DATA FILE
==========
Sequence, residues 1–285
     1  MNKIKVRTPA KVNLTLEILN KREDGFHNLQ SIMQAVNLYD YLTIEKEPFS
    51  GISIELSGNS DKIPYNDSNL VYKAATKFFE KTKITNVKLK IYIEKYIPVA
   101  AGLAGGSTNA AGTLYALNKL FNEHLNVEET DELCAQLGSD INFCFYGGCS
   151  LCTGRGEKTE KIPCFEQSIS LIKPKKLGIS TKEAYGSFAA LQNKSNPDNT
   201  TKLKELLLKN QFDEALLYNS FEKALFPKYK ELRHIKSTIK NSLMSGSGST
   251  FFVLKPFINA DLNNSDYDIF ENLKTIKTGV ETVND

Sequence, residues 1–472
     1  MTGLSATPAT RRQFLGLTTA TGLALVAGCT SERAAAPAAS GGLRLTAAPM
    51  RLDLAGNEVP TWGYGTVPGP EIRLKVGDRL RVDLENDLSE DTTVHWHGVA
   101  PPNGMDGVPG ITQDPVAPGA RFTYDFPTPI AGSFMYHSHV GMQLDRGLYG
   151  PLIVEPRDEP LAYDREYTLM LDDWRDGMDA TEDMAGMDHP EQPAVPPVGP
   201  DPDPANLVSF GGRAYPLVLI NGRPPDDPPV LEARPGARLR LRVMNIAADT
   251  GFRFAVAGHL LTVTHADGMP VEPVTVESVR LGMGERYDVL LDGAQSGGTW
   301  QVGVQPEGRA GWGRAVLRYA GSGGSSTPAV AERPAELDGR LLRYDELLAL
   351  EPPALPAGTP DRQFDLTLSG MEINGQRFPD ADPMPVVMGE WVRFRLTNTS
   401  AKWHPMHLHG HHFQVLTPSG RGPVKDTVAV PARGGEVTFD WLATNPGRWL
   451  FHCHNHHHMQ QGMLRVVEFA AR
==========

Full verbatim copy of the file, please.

Sequence, residues 1–285
     1  MNKIKVRTPA KVNLTLEILN KREDGFHNLQ SIMQAVNLYD YLTIEKEPFS
    51  GISIELSGNS DKIPYNDSNL VYKAATKFFE KTKITNVKLK IYIEKYIPVA
   101  AGLAGGSTNA AGTLYALNKL FNEHLNVEET DELCAQLGSD INFCFYGGCS
   151  LCTGRGEKTE KIPCFEQSIS LIKPKKLGIS TKEAYGSFAA LQNKSNPDNT
   201  TKLKELLLKN QFDEALLYNS FEKALFPKYK ELRHIKSTIK NSLMSGSGST
   251  FFVLKPFINA DLNNSDYDIF ENLKTIKTGV ETVND

Sequence, residues 1–472
     1  MTGLSATPAT RRQFLGLTTA TGLALVAGCT SERAAAPAAS GGLRLTAAPM
    51  RLDLAGNEVP TWGYGTVPGP EIRLKVGDRL RVDLENDLSE DTTVHWHGVA
   101  PPNGMDGVPG ITQDPVAPGA RFTYDFPTPI AGSFMYHSHV GMQLDRGLYG
   151  PLIVEPRDEP LAYDREYTLM LDDWRDGMDA TEDMAGMDHP EQPAVPPVGP
   201  DPDPANLVSF GGRAYPLVLI NGRPPDDPPV LEARPGARLR LRVMNIAADT
   251  GFRFAVAGHL LTVTHADGMP VEPVTVESVR LGMGERYDVL LDGAQSGGTW
   301  QVGVQPEGRA GWGRAVLRYA GSGGSSTPAV AERPAELDGR LLRYDELLAL
   351  EPPALPAGTP DRQFDLTLSG MEINGQRFPD ADPMPVVMGE WVRFRLTNTS
   401  AKWHPMHLHG HHFQVLTPSG RGPVKDTVAV PARGGEVTFD WLATNPGRWL
   451  FHCHNHHHMQ QGMLRVVEFA AR